As soon as peace between the French and Iroquois was settled on 8 July 1667 at Quebec City, the Carignan-Salières Regiment was recalled to France. Its presence in North America was no longer required since the Iroquois had been pacified and the Algonquins were allies. Both Indian nations formed a protective barrier between the French colony in Canada and the various English establishments further south. On 28 August 1667, the expeditionary force left the port of Quebec on board the Saint Sébastien bound for France. Of the 1200 soldiers who had come in 1665 to fight the Iroquois, only 550 returned to their native country. 250 had died during the French Indian wars, and 400 others decided to remain in Canada. Antoine was among those that remained along the Saint Lawrence River.
On 20 October 1667, he obtained from the Jesuits of the Cap de la Madeleine a land concession within their vast domain in Batiscan. The grant was signed in front of the notary of Trois Rivières, Guillaume de La Rue. The following year, on 11 September 1668 at Quebec City, the former soldier married une fille du roi, Marie Major. She was born on 26 February 1637 at Touques in the current Department of Calvados. The King of France had sponsored Marie's transportation to Canada to marry a colonist as a means of expanding the burgeoning colony in its fight against the English colonies in North America. Neither in the religious marriage entry nor in the contract signed a week earlier on 6 September 1668, was any mention made that Antoine was previously married to a deceased woman named Catherine Byot.
We can wonder with good reason at this serious omission. The parish registers of the three churches of Joigny do not show a death entry for Catherine Byot. Did she die elsewhere? Was she abandoned by her husband in Joigny or elsewhere? Whatever the reason, Antoine did not judge it relevant to mention to either the notary or the pastor of Quebec that he had been previously married. Either his first wife was still living or he was incapable of rapidly producing a death certificate. In light of his pitiful demise, we cannot reject the theory that Antoine might have simply abandoned his first wife as a way out of difficulties in France.
In any case, Antoine lived with his second wife in Batiscan where he worked as a cooper from 1667 to 1683. Not knowing how to manage his affairs correctly, he began acquiring debt in 1674 that finally pushed his creditors to take him to court at Trois Rivières in 1682. Pressed by his lenders, totally unable to honor his debts, Antoine fled his household in June 1683 to live alone at Julien Talua's household in Lachine on the Isle of Montreal. There he pursued his career as a master cooper. Found by Michel Lecourt, his principal lender, he was again dragged before the court, this time in Montreal in May 1684 where he was thrown in jail until June 15th. Two weeks later, on June 30th, he again spent the day in jail. On 1 July 1684 he accepted the terms offered by Michel Lecourt to settle his outstanding debts of several years.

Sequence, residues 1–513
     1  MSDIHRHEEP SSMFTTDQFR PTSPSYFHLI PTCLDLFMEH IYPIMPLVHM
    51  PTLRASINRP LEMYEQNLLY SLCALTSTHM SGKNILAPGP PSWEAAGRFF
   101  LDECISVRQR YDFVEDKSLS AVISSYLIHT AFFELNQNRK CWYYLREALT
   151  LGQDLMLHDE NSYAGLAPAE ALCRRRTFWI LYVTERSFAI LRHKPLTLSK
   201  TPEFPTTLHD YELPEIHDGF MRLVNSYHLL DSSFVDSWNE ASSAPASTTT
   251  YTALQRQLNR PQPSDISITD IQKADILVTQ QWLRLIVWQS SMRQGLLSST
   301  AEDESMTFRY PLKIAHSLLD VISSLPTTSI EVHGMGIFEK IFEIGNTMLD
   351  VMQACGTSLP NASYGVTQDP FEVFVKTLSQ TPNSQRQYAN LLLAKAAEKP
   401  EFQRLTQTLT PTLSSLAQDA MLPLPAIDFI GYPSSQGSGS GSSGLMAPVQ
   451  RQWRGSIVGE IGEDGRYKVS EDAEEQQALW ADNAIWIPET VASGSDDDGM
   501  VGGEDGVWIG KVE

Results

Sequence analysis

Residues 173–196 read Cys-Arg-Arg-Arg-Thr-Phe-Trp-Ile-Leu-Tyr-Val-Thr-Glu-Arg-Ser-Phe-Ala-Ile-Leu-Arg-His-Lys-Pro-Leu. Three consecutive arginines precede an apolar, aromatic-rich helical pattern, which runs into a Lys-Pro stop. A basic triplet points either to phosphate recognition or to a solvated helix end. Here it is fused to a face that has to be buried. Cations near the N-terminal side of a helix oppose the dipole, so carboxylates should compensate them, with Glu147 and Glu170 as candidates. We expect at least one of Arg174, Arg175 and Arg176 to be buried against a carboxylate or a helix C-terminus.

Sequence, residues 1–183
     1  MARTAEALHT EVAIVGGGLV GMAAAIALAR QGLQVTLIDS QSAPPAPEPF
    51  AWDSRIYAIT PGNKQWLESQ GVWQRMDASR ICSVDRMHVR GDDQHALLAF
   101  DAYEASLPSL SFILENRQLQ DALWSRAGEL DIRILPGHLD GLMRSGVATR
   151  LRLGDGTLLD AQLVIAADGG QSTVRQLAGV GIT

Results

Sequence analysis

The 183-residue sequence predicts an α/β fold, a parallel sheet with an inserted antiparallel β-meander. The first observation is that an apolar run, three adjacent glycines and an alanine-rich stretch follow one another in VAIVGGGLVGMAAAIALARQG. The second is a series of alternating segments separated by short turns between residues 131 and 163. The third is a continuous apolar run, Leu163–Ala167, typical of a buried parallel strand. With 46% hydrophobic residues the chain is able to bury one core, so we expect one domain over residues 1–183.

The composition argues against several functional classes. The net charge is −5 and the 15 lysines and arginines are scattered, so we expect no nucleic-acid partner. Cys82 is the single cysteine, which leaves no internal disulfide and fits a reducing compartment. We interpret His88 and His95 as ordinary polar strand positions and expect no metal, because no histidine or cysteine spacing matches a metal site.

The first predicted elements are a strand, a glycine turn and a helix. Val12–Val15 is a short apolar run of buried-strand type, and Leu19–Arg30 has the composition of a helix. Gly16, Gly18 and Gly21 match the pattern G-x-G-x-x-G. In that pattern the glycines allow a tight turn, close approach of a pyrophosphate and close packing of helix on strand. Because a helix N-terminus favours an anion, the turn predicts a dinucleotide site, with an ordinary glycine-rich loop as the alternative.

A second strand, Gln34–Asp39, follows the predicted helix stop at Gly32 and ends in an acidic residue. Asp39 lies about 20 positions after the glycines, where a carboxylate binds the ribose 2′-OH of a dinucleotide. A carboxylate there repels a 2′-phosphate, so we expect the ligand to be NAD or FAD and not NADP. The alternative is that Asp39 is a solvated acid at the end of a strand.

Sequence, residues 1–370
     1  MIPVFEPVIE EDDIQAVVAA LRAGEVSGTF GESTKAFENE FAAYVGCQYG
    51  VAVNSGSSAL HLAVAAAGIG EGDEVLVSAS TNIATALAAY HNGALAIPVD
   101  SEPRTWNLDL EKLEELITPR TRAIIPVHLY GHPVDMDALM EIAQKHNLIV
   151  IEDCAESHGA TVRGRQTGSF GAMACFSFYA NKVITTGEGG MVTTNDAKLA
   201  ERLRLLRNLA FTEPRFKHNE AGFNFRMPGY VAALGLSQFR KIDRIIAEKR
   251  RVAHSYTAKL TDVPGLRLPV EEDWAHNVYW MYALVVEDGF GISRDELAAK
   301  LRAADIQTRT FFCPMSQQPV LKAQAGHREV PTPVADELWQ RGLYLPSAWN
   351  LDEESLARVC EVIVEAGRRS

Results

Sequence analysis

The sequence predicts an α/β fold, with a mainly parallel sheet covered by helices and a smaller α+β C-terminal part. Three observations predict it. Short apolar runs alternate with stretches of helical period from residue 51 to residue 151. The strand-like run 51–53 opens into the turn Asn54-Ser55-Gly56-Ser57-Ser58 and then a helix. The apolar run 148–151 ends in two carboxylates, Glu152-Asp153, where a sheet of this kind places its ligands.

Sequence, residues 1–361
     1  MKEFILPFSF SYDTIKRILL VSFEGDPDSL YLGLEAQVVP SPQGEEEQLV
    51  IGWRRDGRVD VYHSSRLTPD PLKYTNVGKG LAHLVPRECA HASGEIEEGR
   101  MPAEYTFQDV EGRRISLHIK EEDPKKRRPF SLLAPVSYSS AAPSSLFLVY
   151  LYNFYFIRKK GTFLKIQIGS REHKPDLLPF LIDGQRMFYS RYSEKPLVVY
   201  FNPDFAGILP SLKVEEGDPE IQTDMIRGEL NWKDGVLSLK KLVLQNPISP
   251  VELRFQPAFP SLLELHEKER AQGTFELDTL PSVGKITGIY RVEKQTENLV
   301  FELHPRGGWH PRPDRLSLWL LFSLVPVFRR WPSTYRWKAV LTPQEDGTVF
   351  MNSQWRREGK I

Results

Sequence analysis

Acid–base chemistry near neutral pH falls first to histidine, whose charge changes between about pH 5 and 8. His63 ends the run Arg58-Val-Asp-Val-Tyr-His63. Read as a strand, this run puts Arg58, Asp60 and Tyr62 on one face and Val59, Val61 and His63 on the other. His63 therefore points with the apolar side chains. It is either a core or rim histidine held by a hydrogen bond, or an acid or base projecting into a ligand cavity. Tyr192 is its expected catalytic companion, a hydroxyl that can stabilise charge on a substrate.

This was a short-lived respite. On 10 July, around six in the morning, Julien Talua surprised Antoine in flagrant adultery, lying in bed with his wife, Anne Godeby. The duped husband revolted by the sight did not hesitate to kill his lodger right then and there. Thus ended the pitiful life of Antoine, a cooper originally from Joigny who had come to Canada to rebuild his life. The foolhardy lover of Anne Godeby was 49 years old when he was expedited violently to the kingdom of the dead.
Villages along the St. Lawrence River where Antoine Roy dit Desjardins and his son Pierre Roy had significant events. (Note this paragraph added by translator to add a link to additional information on the web site.)
First published in the Association of Roy Families of America's publication Les Souches L'Association des familles Roy d'Amérique, Volume 4 Number 2, March 1999 page 14-17
Antoine Roy's Family
In consulting the parish registers of the three churches in Joigny for the period prior to 1669, I discovered up to thirty-seven couples where the husband's surname was Roy. I published the list of their children in an article titled Les familles Roy de Joigny, en France (The Roy Families of Joigny, France) which appeared in the January 1998 edition of l'Ancêtre, a Canadian publication edited by the Genealogical Society of Quebec. Amongst these thirty-seven families, only four seem to have any ties to Antoine Roy, based on my current research. A fifth family formed after 1668 also ties into this Roy Family.
Here then are the first four generations of the family tree of Antoine Roy, the cooper from Joigny who left to live in Canada.
I. Jean Roy is Antoine's grandfather. All we currently know is that he lived in the parish of St André in Joigny and that he married Marie Boucquenier before 1604. She was still alive in 1629 when she became godmother to her grandchild, Marie Roy, who was baptized on 13 February 1629 at St Jean in Joigny, France. Jean Roy and Marie Boucquenier had but one son.